The Purchasing/Procurement Process

In principle, business buyers seek the highest benefit package (economic, technical, service, and social) in rela­tionship to a market offering’s costs. The strength of their incentive to purchase will be a function of the differ­ence between perceived benefits and perceived costs.27

Business marketers must therefore ensure that customers fully appreciate how the firm’s offerings are different and better. Framing occurs when customers are given a perspective or point of view that allows the seller to “put its best foot forward.” It can be as simple as making sure customers recognize all the benefits or cost savings afforded by the firm’s offerings or becoming more influential in the customers’ thinking about the economics of purchasing, owning, using, and disposing of product offerings.

In the past, purchasing departments occupied a low position in the management hierarchy, in spite of of­ten managing more than half the company’s costs. Recent competitive pressures have led many companies to upgrade their purchasing departments and elevate administrators to vice presidential rank. These new, more strategically oriented purchasing departments have a mission to seek the best value from fewer and better suppliers.

Some multinationals have even elevated purchashing departments to “strategic supply departments” with re­sponsibility for global sourcing and partnering. At Caterpillar, purchasing, inventory control, production schedul­ing, and traffic have been combined into one department. Here are two other companies that have benefited from improving their business buying practices.

  • Rio Tinto is a world leader in finding, mining, and processing the earth’s mineral resources, with a significant presence in North America and Australia. Coordinating with its suppliers was time-consuming, so Rio Tinto embarked on an electronic commerce strategy with one key supplier. Both parties have reaped significant benefits. In many cases, orders are being filled in the suppliers’ warehouse within minutes of being transmit­ted, and the supplier can now use a pay-on-receipt program that has shortened Rio Tinto’s payment cycle to about 10 days.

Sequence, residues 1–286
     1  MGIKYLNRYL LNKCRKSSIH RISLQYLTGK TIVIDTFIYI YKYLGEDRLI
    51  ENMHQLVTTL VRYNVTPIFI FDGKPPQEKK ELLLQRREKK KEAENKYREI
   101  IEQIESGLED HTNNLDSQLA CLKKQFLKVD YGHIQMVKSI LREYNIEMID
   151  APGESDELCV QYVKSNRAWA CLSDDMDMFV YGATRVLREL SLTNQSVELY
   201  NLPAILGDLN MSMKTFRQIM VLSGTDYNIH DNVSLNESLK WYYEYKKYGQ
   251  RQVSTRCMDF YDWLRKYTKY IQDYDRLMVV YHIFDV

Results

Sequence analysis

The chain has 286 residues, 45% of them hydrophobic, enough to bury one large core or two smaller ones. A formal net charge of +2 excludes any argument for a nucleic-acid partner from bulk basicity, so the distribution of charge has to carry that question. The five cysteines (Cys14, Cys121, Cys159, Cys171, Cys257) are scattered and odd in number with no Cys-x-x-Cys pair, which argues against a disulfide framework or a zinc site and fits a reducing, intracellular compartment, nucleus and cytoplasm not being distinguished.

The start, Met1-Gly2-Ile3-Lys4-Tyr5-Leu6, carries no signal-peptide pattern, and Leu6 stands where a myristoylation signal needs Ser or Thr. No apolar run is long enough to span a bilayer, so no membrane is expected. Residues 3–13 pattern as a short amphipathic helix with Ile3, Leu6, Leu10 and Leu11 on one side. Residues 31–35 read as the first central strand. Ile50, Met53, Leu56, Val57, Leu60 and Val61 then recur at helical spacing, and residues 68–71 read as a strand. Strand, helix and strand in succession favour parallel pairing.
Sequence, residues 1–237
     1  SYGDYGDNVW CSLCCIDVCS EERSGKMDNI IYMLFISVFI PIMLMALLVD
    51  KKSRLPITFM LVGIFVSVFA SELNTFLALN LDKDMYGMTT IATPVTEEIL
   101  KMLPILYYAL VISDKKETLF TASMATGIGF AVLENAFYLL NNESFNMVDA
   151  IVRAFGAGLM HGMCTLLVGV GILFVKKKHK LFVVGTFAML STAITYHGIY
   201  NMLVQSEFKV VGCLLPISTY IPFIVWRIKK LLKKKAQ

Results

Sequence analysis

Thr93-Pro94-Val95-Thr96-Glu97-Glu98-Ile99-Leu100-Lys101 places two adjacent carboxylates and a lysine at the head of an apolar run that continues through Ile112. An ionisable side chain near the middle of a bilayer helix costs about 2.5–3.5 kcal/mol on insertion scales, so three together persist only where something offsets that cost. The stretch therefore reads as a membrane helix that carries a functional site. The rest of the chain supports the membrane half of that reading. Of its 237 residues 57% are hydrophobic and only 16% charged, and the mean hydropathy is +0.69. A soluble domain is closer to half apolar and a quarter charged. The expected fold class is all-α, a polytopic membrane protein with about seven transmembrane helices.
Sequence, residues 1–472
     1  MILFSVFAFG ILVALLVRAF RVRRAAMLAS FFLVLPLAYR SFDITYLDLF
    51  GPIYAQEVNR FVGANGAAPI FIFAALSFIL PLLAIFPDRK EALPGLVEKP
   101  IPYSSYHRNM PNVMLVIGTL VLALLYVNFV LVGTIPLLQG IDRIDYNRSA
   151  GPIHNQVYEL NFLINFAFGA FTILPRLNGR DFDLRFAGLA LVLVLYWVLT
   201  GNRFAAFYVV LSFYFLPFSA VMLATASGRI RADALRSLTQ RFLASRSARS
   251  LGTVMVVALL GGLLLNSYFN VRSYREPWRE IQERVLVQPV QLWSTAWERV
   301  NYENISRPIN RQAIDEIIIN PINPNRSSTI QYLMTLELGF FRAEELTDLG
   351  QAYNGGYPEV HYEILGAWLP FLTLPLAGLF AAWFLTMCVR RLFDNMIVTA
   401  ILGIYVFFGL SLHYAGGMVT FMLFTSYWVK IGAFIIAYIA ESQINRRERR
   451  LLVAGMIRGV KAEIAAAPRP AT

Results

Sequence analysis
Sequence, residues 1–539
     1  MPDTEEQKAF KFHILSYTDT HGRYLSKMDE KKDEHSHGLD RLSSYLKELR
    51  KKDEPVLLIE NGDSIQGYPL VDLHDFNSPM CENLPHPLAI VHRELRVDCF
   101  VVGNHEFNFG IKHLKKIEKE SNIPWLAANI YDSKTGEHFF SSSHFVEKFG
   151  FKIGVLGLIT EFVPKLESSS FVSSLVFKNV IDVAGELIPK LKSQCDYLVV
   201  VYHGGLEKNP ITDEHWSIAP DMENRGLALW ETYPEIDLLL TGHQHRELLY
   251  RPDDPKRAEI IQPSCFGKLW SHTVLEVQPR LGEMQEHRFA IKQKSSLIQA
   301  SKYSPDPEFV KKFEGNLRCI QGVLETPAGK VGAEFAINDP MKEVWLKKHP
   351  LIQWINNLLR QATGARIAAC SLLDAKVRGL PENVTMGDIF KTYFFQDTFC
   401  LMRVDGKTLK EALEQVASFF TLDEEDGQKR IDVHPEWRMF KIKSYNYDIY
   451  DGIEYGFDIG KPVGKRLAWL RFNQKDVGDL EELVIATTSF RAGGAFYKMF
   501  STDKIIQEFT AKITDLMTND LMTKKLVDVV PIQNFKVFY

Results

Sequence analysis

• Medline Industries, the largest privately owned manufacturer and distributor of health care products in the United States, used software to integrate its view of customer activity across online and direct sales channels. The results? The firm enhanced its product margin by 3 percent, improved customer retention by 10 percent, reduced revenue lost to pricing errors by 10 percent, and enhanced the productivity of its sales representatives by 20 percent.29

The upgrading of purchasing means business marketers must upgrade their sales staff to match the higher caliber of today’s business buyers.

Supplier diversity may not have a price tag, but it is a benefit purchasing departments and business buyers overlook at their own risk. Minority suppliers are the fastest-growing segment of today’s business landscape, and CEOs of many of the largest companies see a diverse supplier base as a business imperative. In 2011, McDonald’s U.S. restaurant system purchased nearly $6.7 billion in goods and services from minority- and women-owned suppliers, about two-thirds of what the system spends for food, packaging, uniforms, operating supplies, and premiums.

Source: Kotler Philip T., Keller Kevin Lane (2015), Marketing Management, Pearson; 15th Edition.

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